One strength of this book is Man's depth of knowledge and experience. He has clearly spent a great deal of his life in Mongolia, has picked up the language and immersed himself in the culture of the Mongols. He still sees himself as an outsider, an indication of his great humility, but he is certainly not typical of many modern writers who adopt a subject only until their book is published. The scope of this book is truly impressive.
A word should also be made about the illustrations. The book has two sections of illustrations, and many seem to be photographs taken by Man himself. They add to the enjoyment and experience of the read, as do the several maps included in the text.
Another great strength of this book is in capturing the present day spirit and influence which Genghis still holds in Mongolia and beyond. There is a nice concluding chapter on Genghis's current place in international relations and how modern day leaders manipulate his image and legacy for geopolitical reasons.
Overall, this is not your average popular historical biography. I imagine the general reader, like me, doesn't dwell too much on 13th century Mongolia. But for a glimpse of the life, death and resurrection of one of history's greatest leaders, I can imagine no better treatment.
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on 29 July 2014
If you are expecting a conventional biography or history of Ghengis Khan _ as I was - you will be disappointed. This work is more a personal travelogue by the author as he explores present day Central Asia and uses the experience to muse on the historical Ghenghis through long asides and flashbacks. But a book that merely presented the known facts about this shadowy figure would be a very slim volume indeed. Man is a brilliant writer, and as I read on, I found myself becoming more and more engaged with the subject. Ghengis was a brutal, cruel, illiterate and uncultivated barbarian whose astonishing but brief impact erupted across half the known world in the 12th Century and that impact was almost entirely negative. Perhaps the best aspect of the book is the insight it gives into the reverence awarded by present day Mongolians and Chinese (who have adopted him as one of theirs) to this unappealing, long dead, war criminal. Man's personal experiences interleaved through the historical account could be a real irritation, but he handles his material so well, with assured prose, that everything works to make what is ultimately a fascinating and enjoyable narrative.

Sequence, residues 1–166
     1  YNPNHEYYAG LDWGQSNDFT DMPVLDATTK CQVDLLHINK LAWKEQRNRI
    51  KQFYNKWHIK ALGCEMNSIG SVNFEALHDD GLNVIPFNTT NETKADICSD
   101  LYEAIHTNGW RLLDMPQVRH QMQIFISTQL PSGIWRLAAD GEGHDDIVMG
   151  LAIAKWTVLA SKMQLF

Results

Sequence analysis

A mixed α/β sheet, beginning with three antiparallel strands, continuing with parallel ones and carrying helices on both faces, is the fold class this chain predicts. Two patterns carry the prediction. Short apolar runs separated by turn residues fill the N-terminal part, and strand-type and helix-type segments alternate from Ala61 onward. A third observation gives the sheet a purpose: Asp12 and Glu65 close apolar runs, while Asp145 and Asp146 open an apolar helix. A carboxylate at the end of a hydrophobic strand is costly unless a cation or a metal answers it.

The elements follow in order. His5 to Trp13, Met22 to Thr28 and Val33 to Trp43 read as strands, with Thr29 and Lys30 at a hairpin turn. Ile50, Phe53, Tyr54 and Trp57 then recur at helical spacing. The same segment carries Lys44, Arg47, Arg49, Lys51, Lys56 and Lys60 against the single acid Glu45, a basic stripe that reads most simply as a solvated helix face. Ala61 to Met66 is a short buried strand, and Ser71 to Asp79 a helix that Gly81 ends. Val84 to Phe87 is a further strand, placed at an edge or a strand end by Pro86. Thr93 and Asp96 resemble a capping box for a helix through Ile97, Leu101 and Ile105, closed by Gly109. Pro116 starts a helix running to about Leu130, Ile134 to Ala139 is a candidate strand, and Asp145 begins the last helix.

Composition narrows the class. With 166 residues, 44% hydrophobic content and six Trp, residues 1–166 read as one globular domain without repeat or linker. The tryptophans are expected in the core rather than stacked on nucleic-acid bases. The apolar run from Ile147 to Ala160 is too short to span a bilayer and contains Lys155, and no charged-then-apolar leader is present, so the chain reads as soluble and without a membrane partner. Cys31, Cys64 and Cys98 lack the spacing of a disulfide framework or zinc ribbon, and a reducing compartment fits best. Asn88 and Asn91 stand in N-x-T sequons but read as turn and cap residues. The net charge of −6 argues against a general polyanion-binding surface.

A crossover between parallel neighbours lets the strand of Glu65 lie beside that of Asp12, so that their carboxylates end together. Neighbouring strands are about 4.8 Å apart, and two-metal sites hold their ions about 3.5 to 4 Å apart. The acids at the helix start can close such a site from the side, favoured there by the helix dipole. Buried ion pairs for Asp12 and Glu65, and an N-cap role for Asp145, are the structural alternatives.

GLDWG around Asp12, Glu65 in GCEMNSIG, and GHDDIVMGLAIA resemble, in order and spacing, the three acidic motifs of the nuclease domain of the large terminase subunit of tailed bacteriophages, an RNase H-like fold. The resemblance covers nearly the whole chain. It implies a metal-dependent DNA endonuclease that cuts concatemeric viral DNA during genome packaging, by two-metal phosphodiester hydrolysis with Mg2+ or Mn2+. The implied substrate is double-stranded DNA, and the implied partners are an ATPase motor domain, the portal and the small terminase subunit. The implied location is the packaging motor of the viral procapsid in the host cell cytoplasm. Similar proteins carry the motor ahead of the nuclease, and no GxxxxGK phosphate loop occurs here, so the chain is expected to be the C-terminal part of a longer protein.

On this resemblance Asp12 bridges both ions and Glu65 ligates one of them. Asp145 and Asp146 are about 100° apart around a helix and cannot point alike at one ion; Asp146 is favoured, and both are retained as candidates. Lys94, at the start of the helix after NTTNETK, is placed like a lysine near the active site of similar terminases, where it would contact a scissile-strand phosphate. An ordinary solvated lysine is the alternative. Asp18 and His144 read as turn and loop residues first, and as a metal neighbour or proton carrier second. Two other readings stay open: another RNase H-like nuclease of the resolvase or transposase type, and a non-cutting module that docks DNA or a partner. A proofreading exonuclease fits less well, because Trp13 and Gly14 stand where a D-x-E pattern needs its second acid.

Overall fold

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on 3 October 2005
This book is quite unusual in terms of a historical non-fiction. It is a mix between historical fact and John Man's journey around Asia to better understand the lives of the Mongolian people and to better understand the environment that Genghis Khan would have lived in. This is quite an affective mix and coupled with the writers easy style does make this a much easier book to read.
Not that it is a particularly easy book to read however...
When I tried to think of a way of summing up how this is a tough book to read I struggled, I guess in no small part this is down to the subject matter we are dealing with. On the one hand Genghis was a liberator, a mouth piece of god, an inspiration to millions and a military genius to boot. On the other he was a butcher, a man who wreaked more havoc than any man before him and all but a few ahead of him. This juxtaposition for me was the toughest part of reading this book. How could I keep going when the author so clearly reveres "The Khan"? For example, Man compares the slaughter of Jews at Auschwitz to the Slaughter of Merv by the Mongols. In comparable scale he acquiesces they are the same in nature. However he mentions that Mongols aims were truly strategic rather xenophobic. Now at no point am I saying he agrees with the killings, he does however attempt to justify them.